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Thursday, May 23, 2024

The Fall Flu: Even if you’ve never had it, you’ve certainly come into close contact with it. For those of you who are new to UF — or just have really strong immune systems — the Fall Flu is the annual time of year when cold- and flu-like symptoms ravage the Student Body. Some call it Gator Flu or, even more charmingly, the UF Plague. GPAs are crippled, dates are ruined, everything becomes miserable for a solid week or so and Netflix (note the absence of "chill") becomes one’s top weekend priority.

The Fall Flu, like all deadly viruses, is spread in the most innocuous of ways; careless kisses lost to time and the onset of the morning at Midtown; sharing a pencil with your classmate who always forgets that most assessments are scantron-based in that class; and BATHROOMS.

As effective as the aforementioned means of contamination may be, they pale in comparison to the classroom. Yes, the classroom, where students with 99-degree temperature fevers drag themselves to due to outdated attendance policies; the classroom, where a simple sneeze, misdirected cough or careless handshake can adversely affect the health of scores of students.

We’re going to make a plea: If you are sick, please, stay in your home, dorm or fraternity/sorority basement. We get it: Attendance policies being what they are, you are compelled by mandate to drag your diseased and germ-ridden body to a room full of (relatively) healthy individuals. However, it is much more beneficial to both your health and the larger UF populace if you just stay at home, cuddle up to season five of "Breaking Bad" and recuperate.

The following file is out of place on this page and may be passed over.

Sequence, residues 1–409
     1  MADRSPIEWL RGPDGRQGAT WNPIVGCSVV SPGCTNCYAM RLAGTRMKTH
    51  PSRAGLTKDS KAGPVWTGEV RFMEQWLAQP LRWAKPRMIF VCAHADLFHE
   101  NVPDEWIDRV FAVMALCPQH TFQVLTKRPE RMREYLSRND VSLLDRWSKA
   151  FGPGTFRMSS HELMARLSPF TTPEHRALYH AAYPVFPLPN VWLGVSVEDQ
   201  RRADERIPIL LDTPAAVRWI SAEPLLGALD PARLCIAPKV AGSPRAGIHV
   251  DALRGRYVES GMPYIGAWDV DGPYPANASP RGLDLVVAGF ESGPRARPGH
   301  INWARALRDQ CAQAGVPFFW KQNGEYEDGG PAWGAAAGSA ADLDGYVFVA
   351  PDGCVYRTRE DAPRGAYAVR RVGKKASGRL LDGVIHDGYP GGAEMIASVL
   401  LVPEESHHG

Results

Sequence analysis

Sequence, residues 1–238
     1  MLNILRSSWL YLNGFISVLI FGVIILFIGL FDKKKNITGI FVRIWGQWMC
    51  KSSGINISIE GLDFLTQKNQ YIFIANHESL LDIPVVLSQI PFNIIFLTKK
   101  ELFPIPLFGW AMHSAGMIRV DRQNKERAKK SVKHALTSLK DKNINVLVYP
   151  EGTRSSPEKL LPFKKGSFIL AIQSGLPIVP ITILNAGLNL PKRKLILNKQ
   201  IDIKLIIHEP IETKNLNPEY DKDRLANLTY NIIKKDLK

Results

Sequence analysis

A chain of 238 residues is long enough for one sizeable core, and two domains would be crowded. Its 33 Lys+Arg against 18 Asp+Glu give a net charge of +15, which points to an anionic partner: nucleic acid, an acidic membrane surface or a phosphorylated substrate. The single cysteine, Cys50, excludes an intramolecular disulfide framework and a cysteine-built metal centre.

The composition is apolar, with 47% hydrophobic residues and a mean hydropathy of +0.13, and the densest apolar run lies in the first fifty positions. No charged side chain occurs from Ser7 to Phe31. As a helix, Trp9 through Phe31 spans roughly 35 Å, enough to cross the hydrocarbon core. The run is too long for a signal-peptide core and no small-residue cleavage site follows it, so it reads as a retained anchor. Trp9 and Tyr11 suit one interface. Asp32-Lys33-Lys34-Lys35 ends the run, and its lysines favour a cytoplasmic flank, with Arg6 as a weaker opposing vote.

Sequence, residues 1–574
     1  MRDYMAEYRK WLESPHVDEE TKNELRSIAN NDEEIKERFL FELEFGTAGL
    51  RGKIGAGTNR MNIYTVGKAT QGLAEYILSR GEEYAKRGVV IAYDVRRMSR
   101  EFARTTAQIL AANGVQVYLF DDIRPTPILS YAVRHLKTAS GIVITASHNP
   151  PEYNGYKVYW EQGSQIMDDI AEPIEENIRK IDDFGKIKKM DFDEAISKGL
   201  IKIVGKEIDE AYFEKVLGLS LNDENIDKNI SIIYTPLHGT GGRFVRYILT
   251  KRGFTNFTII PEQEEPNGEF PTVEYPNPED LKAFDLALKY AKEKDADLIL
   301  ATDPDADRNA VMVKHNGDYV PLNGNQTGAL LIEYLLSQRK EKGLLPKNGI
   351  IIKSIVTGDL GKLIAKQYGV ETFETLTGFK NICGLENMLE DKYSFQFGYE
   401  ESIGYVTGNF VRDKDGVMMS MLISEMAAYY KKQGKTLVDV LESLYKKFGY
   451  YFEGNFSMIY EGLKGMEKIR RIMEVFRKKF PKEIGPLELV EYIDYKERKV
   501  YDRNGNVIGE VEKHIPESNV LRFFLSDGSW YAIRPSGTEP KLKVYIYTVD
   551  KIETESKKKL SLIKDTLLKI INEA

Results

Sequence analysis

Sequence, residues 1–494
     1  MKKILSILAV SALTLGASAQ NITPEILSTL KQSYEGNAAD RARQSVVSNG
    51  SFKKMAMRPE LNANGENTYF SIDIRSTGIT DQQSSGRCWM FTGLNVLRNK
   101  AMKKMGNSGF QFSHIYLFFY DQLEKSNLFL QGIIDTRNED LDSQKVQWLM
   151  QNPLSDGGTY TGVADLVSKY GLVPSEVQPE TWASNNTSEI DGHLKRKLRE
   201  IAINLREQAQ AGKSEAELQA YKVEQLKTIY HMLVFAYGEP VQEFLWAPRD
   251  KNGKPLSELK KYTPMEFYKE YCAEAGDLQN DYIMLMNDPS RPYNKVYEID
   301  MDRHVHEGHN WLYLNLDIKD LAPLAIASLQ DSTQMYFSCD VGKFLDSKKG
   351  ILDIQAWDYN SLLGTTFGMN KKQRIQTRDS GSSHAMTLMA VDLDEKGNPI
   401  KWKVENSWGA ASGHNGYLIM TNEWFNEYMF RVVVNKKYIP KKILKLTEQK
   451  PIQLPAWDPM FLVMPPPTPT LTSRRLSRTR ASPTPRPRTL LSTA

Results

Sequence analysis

We’re also going to make a request to the university, instructors and teaching assistants: Please don’t penalize us for not coming to class while sick. We understand it can be difficult to motivate students without strict attendance policies, and we are more than sympathetic to the idea that when you show up to work, you’d actually like for there to be students for you to educate.

At the same time, keeping a firm adherence to an already rigid attendance policy affects more than just the sickly student who might miss class. It affects every person that student comes near.

Some would counter that the presence of "excused absences" if a doctor’s note is provided offsets the aforementioned concerns. That’s all well and good, but the Fall Flu is also called the UF Plague for a reason: It spreads quickly and effectively. Given the difficulty of arranging appointments at the UF Student Health Care Center on a regular week, the idea of getting an appointment that works within your schedule during flu season seems like a fool’s errand.

We’re abundantly aware this editorial isn’t going to immediately stop students from contaminating their classmates or convince professors that more than three absences isn’t the worst thing in the world; at the least, we hope it serves as half-decent tissue material in these tough times.

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